Philadelphia locals know where to go for a magical mosaic sculpture, great burgers, a giant wooden slide, Amish farm stands, pop-up parks, a Japanese garden, and more. Tourists know about some of the Philadelphia favorites. But other spots are only known to locals and require the inside scoop from a local guide. Philadelphia TravelingMom Sarah Ricks lets you in on 12 local Philadelphia favorite places to visit, play, and eat.
Philadelphia locals love some spots that are on the tourist radar, like Reading Terminal. But many of my favorite places to play and eat in Philadelphia are only known to locals.
Reading Terminal Market
Since 1892, Philadelphians have bought food from farmers, bakers, cheese makers, and restaurants at Reading Terminal Market (12th and Arch). The small shops are all under one roof. There are no national chains. My family and I go here for Pennsylvania Dutch farmers’ markets, Italian and Amish bakeries, Middle Eastern pastries, and more. We’ve enjoyed Indian curries, Mexican enchiladas, Southern barbecue, and Thai food. Don’t miss Beiler’s bakers squirting cream inside the fresh donuts, or pretzel makers stretching the dough. Come hungry. Fair warning: Philadelphia locals know Amish and Mennonite shops are closed Sundays.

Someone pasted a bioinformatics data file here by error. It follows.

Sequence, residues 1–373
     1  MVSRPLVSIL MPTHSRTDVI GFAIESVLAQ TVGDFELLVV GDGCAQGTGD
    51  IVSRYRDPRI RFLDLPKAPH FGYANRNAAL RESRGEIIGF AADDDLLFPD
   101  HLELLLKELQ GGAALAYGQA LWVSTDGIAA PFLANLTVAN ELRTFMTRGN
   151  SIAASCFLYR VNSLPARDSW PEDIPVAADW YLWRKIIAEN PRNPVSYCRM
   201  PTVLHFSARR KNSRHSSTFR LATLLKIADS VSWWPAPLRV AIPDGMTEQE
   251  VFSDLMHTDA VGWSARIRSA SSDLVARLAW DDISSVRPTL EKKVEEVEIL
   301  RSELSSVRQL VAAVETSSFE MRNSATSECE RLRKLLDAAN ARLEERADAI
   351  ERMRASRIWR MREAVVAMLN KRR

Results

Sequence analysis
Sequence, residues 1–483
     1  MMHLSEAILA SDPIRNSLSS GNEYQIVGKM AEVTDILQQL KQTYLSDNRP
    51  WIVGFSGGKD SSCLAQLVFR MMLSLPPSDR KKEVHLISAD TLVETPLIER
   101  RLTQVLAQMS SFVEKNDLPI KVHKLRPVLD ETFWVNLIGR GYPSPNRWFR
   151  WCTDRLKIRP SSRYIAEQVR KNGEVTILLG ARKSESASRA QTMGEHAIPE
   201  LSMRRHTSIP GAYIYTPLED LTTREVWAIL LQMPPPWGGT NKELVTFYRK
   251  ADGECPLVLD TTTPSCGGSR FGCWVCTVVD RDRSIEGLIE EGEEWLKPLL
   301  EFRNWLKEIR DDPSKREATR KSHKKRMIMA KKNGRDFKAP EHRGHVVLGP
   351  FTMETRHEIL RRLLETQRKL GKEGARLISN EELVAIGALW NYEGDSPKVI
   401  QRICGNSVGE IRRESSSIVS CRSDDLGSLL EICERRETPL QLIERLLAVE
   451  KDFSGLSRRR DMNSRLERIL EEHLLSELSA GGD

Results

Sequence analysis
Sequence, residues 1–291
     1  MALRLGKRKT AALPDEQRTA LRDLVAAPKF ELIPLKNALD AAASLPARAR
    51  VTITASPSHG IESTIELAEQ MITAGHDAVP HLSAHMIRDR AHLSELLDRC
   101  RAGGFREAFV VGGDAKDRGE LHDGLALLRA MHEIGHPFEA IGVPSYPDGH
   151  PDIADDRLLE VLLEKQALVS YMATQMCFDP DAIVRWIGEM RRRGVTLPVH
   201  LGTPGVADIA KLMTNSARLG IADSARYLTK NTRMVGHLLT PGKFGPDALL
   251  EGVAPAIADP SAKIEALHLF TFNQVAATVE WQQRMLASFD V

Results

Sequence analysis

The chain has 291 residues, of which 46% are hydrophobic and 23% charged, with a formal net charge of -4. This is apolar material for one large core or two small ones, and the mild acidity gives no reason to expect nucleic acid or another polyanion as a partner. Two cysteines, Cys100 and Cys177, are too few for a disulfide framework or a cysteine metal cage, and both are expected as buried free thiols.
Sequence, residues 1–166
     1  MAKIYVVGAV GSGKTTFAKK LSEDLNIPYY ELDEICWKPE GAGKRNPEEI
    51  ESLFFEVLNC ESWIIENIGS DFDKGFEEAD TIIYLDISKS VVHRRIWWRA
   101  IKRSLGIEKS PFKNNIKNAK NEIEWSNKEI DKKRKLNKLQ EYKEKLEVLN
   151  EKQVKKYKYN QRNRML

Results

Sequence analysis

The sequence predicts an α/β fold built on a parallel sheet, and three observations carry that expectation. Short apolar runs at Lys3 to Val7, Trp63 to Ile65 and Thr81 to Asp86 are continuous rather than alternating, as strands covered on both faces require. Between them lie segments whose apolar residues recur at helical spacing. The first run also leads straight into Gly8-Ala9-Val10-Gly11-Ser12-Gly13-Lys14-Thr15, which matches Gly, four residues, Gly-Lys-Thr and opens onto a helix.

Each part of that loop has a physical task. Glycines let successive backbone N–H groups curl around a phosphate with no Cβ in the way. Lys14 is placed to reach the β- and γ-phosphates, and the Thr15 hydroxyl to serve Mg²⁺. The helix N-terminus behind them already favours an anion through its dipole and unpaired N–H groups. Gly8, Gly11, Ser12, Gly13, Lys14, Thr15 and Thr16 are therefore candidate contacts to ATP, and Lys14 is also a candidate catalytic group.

Japanese House in West Philadelphia
Walking into the traditional Shofuso Japanese House feels like stepping back in time and into another country. The house has white screens for walls and stark black perpendicular lines. Woven mats on the floor mean no shoes are allowed inside. The sliding doors open to a beautiful Japanese garden and pond, stocked with orange koi. Philadelphia locals especially like visiting in spring, to catch the cherry blossoms, or in autumn, to see the trees adorned in fall colors. The Japanese House in Philadelphia has programs and books for kids.
Only Philadelphia locals know about Smith Playground. This 1899 mansion was designed built as a playhouse for kids. Each of its 3 floors is a giant open space where kids can ride tricycles, climb into play trains, and put on puppet shows.